Squeeze Play

A new Smithsonian Networks Film brings alive the upbeat music of Colombia’s cowboy country

Carlos Vives and Egidio Cuadrado
Colombian singer Carlos Vives (left, with Egidio Cuadrado at the 2007 festival) is bringing worldwide fame to the genre. Ricardo Mazalan/ AP Images

It might not be obvious why filmmakers traveled to a remote valley near Colombia's Caribbean coast, a region best known for its drug war, to document a six-day festival of accordion music. But the fast, upbeat melodies of vallenato, as the regional Colombian music is called, have universal appeal, says the documentary's producer, Alan Tomlinson. Vallenato can "reach out across distances, perhaps create a new understanding of Colombia," he says. "Colombia does not get much written about it that's positive." On June 6, The Accordion Kings, a Smithsonian Networks film, will première at the Natural History Museum.

Vallenato is something of a musical melting pot, derived from various aspects of local history: the dominant instrument is the accordion, brought to South America by European immigrants. It's accompanied by the small caja drum, which evolved from those once used by African slaves, and also by a notched stick scraped to provide percussion called the guacharaca, which originated with Colombia's native population. The resulting music, first documented in the late 1800s, has come to define coastal Colombia almost as much as the works of author Gabriel García Márquez. In fact, the Nobel Prize winner is said to have described his epic novel, One Hundred Years of Solitude, as a 400-page vallenato.

Enthusiasts say vallenato artists tell everyday stories of love and loss that have a lot in common with country music in the United States. Vallenato used to be considered low-class music for field hands, rarely played outside Colombia's cowboy country. But in recent years, Colombian singer Carlos Vives, among others, has fused vallenato with pop to create hits played across the Spanish-speaking world.

The documentary focuses on an annual competition among accordion virtuosos for the "vallenato king" crown, awarded at the festival in Valledupar, vallenato's Nashville. Wearing straw cowboy hats and jeans, the hopefuls are covered in sweat, eyes closed, bodies rocking, fingers blurring as they fly across the accordion's keys. The competition's nationally televised finale has the drama and fanfare of "American Idol." As the genre becomes mainstream, festival organizers say the competition, which promotes the traditional form of vallenato, preserves their musical heritage. "It's a way of linking you to the land, to your ancestors, your traditions," says Gabriela Febres-Cordero, the honorary president of the 40-year-old festival.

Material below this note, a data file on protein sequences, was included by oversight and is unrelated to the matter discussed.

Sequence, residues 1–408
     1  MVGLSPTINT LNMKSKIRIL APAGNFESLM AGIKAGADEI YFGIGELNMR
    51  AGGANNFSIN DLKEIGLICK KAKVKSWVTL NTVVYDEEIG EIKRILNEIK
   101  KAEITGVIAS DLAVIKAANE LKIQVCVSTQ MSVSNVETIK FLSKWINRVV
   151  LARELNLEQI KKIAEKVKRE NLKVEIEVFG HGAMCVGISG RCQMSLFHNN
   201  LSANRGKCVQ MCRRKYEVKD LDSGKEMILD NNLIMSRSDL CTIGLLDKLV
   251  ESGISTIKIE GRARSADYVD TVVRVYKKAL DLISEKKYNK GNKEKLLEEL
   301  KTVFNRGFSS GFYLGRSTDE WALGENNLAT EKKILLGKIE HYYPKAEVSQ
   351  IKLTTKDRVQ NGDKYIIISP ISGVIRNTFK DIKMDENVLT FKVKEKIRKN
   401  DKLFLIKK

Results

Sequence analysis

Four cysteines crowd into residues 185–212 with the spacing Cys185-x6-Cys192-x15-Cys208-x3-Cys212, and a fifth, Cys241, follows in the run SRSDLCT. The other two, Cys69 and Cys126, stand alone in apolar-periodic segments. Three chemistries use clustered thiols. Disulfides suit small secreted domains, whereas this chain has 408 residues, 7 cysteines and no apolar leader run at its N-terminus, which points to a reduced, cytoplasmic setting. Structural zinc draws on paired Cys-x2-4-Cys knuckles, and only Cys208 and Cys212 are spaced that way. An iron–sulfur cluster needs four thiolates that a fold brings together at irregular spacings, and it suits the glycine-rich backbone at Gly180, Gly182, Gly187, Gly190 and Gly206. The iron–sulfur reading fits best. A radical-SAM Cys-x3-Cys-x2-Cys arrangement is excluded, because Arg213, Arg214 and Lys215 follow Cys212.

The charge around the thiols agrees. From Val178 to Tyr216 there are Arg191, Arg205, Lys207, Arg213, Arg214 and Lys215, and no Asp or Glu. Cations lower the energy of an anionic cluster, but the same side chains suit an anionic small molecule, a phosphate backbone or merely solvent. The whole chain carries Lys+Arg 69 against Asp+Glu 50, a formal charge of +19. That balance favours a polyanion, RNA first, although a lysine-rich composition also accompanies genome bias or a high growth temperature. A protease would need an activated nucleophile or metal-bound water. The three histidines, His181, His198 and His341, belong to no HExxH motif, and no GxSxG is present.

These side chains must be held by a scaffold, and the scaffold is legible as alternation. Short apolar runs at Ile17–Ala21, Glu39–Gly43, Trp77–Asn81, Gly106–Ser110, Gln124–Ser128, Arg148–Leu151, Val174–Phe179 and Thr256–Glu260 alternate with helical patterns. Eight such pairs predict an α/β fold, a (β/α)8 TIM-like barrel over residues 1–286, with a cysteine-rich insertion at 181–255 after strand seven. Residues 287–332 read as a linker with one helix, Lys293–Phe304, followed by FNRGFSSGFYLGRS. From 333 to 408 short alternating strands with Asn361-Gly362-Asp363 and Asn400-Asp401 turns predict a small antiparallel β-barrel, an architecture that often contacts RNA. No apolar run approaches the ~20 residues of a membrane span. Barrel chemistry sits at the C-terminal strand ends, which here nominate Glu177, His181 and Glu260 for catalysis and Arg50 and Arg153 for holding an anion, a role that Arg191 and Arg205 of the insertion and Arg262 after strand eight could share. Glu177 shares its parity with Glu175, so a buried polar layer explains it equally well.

Reigning vallenato king Hugo Carlos Granados has won the crown five times—and at last year's festival he took the "king of kings" title, beating out 18 other vallenato kings in a special overarching competition that takes place once every decade. In the film he walks with a painful-looking limp, the result of a car accident after a late-night concert, but he pumps the heavy instrument with intensity. Granados, who comes from a long line of accordionists and started playing at age 5, believes the competition is about much more than showing off skill. "We are defenders of what is truly authentic vallenato," he says in Spanish by phone from Colombia. "We defend it so that vallenato music keeps going and new generations can hear it."

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